Of course, hiking was on list in Phoenix, AZ though if I were being honest I was getting a bit sick of the desert terrain. Everything was just brown or that red clay. My hiking boots and sneakers were stained from hiking in the ashy, red clay. I admit that I saw my first saguaro cactus in real life I was giddy like a child. But they were so common around the area that got pretty accustomed to them. Like old trees with thick trunks and towering branches, large saguaros could have started growing long before I was born, and probably were and there’s just something incredible about plants that have been around for so much.
My favorite artist, Dale Chihuly had a couple of exhibits going on in Phoenix; one at the Desert Botantical Garden and another at Frank Lloyd Wright’s Taliesin West. I managed to visit both installations
I most recognize the name Frank Lloyd Wright from that famous house he built that is on top of a waterfall that circulates around social media often but there are a lot of people I know that are huge Frank Lloyd Wright fans. I’ve never really familiarized myself with his work and didn’t even know that he build himself two homes; Taliesin in Wisconsin and Taliesin West in Scottsdale. I bought tickets as a part of a short tour through the house and got to learn a bit about Wright, his family and his work.
While I can understand that he was an incredible architect there were some qualities of his personality and seemed to toe the line between eccentric and asshole.
For example, portions of his home were originally constructed without windows but once Wright and his wife decided to move to Phoenix full-time they needed to install windows and air-conditioning to put up with the desert heat. While the team was installing the windows, they informed Wright that a couple of large vases would have to be moved to install the windows. Wright refused to move the vases and the team instead had to CUT HOLES IN THE WINDOWS to work around the vases.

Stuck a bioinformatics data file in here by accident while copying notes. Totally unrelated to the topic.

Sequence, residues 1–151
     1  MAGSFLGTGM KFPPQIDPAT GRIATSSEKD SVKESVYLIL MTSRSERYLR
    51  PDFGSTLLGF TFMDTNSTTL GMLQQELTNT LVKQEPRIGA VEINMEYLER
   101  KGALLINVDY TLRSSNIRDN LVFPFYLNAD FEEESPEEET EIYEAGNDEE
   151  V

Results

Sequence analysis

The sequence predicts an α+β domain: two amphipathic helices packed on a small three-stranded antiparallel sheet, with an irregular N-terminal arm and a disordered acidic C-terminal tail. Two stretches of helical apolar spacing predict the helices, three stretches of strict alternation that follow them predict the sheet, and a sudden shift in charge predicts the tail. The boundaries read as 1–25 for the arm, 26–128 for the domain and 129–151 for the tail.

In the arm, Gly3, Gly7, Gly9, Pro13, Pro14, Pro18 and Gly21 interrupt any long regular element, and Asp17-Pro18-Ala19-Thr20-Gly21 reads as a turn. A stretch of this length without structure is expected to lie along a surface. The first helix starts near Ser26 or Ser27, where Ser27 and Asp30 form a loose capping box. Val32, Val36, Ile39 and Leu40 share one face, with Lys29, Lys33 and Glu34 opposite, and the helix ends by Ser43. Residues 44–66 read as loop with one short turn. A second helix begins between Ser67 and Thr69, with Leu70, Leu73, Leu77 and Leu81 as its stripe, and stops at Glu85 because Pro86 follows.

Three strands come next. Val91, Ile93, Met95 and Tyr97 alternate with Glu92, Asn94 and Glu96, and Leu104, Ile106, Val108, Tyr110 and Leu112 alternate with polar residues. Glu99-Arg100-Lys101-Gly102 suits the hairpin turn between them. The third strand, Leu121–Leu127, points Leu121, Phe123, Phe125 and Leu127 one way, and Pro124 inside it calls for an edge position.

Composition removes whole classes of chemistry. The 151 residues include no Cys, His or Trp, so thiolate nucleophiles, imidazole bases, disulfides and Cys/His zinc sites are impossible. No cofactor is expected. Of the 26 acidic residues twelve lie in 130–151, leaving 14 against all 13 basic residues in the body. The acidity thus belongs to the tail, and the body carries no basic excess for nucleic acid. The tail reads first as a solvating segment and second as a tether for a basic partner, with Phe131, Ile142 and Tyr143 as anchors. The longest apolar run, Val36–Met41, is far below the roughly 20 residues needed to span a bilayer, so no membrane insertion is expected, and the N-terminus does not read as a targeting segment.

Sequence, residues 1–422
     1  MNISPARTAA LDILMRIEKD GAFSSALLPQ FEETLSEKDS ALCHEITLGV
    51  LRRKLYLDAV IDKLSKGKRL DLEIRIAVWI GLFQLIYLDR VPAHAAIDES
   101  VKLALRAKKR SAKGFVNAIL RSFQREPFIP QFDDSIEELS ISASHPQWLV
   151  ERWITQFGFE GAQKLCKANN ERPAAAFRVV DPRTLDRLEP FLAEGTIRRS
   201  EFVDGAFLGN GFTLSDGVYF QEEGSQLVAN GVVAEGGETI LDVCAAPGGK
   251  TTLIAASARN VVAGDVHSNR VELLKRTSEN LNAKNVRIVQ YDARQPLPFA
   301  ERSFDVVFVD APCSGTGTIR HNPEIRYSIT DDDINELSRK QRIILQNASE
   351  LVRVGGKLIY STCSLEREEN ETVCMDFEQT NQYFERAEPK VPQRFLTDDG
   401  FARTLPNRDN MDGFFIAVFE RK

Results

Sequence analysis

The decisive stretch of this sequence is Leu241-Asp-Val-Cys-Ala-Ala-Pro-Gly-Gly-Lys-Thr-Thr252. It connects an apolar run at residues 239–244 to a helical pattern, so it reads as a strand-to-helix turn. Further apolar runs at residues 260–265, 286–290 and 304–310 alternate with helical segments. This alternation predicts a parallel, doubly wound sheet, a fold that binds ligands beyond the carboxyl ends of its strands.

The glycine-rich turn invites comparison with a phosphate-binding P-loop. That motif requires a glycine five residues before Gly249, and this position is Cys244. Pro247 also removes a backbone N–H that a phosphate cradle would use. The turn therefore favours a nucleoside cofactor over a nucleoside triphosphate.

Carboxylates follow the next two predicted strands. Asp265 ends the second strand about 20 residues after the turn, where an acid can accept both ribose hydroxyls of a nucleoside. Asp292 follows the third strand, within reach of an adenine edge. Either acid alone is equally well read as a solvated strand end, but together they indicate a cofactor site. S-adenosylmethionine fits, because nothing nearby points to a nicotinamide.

Also forgetting to mention that he had an entire team of apprentices working on the house while living in tents in the rugged Arizona desert while he and his wife stayed at a nearby hotel and drove up to the sight everyday.
My last week in Phoenix felt more like winter than the first week. I took myself to a few of my old haunts my last week, as I usually do, I went to Cartel Coffee Roasting Lab in Old Town Scottsdale and forced myself to write a little bit after being couped up due to the dreary weather.
I made the mistake of saving some of my bucket list, touristy hikes for the end of trip which had proven to be a big mistake. Most of the hikes I’ve wanted to do were short but popular rock scrambles that have been inaccessible over the holidays either due to traffic or weather. The other day I got to the parking lot for Echo Trail, the popular trail that leads up Camelbak mountain but by 9:30am on a holiday Monday the parking lot was already closed. The weather for the rest of the week wasn’t as cooperative.
I’m sad to say that the Echo Canyon (Camelbak) hike didn’t happen this visit but I’ll be back another time to conquer it!
Tuesday, I drove out to Tom’s Thumb Trailhead. It’s another popular trail but it’s more of a strenuous uphill hike than a climb which meant I felt comfortable doing that in wet weather. However, the weather managed to hold off for the most part and Nova and I stayed dry for our entire hike.
On my last Monday the host who I’ve become very friendly with left for a trip to Mexico with his pup Charlie. I was sad for Nova since Charlie and her had become such good friends but I was also weirdly sad myself to see someone I had grown familiar with over the past month leave. I have been going through this weird cycle of being sad at the end of a trip by excited for my next adventure and as I was packing up in Phoenix and getting ready to say goodbye I was excited to move on to my next stop, Palm Springs, CA!
So my adventure continues